How to Prepare Tech Executives for Interviews: 4 Media Training Tips

Amanda Lee
February 29, 2024

Given the fast-paced nature of the tech news cycle, especially during tradeshow season, it's crucial to capitalize on the chance for valuable press exposure by arranging interviews that showcase insights from your organization's executives and industry experts. But securing the opportunity is only the beginning. Once that opportunity is confirmed, PR pros can help you with the extensive preparation, media training and research required to nail that interview and create positive coverage for your company.  

So, how do you ensure your executive is prepared to provide insights that help them stand out amid the unrelenting din of the 24/7 news cycle? If you’re looking for tips that will maximize the outcome of each meeting with reporters, check out these insights from Allison Carter with PR Daily. These insights provide comprehensive advice for interviewing like a pro. We’ve also added a few of our own tips and insights below gleaned from years of experience helping executives maximize their interview opportunities.  

  1. Do Your Research: News coverage is a two-way street. If you expect the reporter to educate themselves on your company, you should also research that reporter’s beat, topics of interest and professional history. You can learn all this information through a simple search via Google or LinkedIn, and you might even learn a few fun facts about the reporter that can make the conversation more personable. Beyond their beat, do they have any hobbies or similar information listed in their bios? Sometimes the little things can make a big difference in forming a relationship with a journalist that leads to future opportunities. If your PR agency secures an opportunity, they should provide a comprehensive backgrounder with information on the reporter, their coverage areas, previous stories and other relevant information.  
  1. Anticipate Questions the Reporter Might Ask: As with anything else in our professional or personal lives, preparation is crucial. Aside from helping the conversation flow naturally, this will keep the meeting on track and cut down on small talk (although a little is okay!). Once the meeting has been confirmed, begin planning your discussion topics. Additionally, don’t hesitate to open the line of communication by touching base with the relevant analysts prior to the meeting. They might be willing to share their questions or discussion topics, providing you with the ultimate guidance for a successful interview or briefing.
  1. Remember, It’s a Conversation: At the end of the day, an interview is simply a conversation. While you should be prepared to maximize the opportunity, you don’t need to be robotic. This can be a delicate balance, which is why media training is important for helping executives rehearse their responses conversationally while bridging back to your company’s messaging. It’s okay to elaborate on certain topics but executives should do their best to circle back to the key points your company wants to communicate to peers and customers. And if your executive is unsure of something, they should just say so. It’s better to admit you don’t know something and you’ll get back to the reporter than to respond to questions with uncertain or unsubstantiated answers.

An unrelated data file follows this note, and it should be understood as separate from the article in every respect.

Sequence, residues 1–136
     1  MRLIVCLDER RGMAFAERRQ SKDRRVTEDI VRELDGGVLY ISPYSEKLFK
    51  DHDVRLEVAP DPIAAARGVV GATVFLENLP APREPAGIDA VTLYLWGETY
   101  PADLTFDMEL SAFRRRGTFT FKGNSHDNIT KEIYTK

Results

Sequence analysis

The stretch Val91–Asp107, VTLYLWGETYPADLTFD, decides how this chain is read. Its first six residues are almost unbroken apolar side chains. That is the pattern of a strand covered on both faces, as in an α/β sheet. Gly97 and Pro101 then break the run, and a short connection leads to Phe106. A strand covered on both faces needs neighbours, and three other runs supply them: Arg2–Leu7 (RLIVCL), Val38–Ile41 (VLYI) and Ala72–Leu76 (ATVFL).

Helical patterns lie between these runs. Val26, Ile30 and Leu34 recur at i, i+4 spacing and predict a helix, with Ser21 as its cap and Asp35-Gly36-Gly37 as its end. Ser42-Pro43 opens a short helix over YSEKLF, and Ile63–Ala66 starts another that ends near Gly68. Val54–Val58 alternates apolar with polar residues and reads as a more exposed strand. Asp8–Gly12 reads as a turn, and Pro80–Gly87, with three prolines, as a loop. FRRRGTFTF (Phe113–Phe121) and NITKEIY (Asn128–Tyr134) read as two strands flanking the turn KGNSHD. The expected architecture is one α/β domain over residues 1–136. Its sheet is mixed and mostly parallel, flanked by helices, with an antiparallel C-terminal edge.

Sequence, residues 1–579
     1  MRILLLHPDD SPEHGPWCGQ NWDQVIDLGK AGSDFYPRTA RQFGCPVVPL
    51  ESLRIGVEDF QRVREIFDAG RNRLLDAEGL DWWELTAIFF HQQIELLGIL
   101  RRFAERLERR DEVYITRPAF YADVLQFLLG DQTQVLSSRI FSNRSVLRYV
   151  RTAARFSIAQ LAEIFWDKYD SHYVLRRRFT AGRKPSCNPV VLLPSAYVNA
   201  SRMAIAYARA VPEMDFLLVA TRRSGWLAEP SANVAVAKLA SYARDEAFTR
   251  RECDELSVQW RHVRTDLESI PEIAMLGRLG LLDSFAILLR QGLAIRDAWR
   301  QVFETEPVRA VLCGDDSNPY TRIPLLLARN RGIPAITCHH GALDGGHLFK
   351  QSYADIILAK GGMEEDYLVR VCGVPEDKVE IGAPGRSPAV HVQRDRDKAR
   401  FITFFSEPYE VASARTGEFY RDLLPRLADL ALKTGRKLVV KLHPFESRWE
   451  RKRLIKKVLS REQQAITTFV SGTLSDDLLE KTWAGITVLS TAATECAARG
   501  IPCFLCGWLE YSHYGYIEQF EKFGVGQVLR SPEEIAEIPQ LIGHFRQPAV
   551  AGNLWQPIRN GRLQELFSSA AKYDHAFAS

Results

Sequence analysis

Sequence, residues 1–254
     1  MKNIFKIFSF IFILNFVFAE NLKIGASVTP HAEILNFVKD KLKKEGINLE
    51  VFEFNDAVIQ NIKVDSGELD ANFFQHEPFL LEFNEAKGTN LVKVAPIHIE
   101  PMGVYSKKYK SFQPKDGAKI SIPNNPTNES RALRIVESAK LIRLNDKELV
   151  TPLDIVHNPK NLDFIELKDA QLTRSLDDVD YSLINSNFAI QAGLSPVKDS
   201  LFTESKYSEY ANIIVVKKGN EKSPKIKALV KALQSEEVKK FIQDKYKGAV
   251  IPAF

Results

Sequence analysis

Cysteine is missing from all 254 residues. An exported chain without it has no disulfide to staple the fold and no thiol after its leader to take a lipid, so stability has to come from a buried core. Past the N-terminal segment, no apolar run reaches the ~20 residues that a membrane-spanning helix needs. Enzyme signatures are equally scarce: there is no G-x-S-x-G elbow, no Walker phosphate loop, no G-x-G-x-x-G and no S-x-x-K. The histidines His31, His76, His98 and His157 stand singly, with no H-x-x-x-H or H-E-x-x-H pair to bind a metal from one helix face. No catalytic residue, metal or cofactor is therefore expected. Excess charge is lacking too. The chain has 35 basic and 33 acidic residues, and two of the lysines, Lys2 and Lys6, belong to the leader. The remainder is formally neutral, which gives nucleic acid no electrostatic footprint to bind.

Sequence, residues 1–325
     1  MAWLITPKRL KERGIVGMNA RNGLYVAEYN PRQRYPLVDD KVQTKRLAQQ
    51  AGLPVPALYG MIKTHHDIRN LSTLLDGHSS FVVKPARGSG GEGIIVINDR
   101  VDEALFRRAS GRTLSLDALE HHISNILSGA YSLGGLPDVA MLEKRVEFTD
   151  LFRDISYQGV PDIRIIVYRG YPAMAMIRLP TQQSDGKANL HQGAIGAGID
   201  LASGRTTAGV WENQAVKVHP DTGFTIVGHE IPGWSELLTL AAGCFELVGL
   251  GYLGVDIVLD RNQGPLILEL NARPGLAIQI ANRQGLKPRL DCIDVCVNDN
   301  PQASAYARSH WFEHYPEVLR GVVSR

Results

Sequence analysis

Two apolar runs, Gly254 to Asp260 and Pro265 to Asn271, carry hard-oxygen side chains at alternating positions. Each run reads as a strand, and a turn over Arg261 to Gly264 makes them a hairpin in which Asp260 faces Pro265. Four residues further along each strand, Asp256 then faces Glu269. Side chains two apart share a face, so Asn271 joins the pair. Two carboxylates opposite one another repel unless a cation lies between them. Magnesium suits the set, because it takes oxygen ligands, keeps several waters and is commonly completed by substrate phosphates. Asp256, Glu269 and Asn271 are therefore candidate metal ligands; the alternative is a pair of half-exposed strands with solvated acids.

1. Pick a Good Time to Interview: This sounds obvious, but we also know that executives have multiple responsibilities and are crunched for time. Ensure that the chosen time works and that your executive is in a place where it’s quiet, meaning they won’t be driving, or at the gym, or rushing to another meeting. If the reporter feels their time has been disrespected, they’re unlikely to provide you with another opportunity. Even worse, many reporters talk to each other, even if they don’t work at the same outlet. Developing a bad reputation with various press outlets is the last thing you want your thought leader to do. As a result, select a time of day where your executive can be in a quiet room and fully present in the conversation, then repeatedly confirm this time and date and remind the executive in the days leading up to the interview.  

Media briefings are essential for building relationships with the outlets and experts that are vital to your company’s public relations and communications strategy. By implementing these tips, you can ensure your company’s thought leaders are telling your company’s story to target audiences and ultimately influencing buyers. Remember, if you don’t tell your story, someone else will. Now get out there and knock that press interview out of the park!  


Read More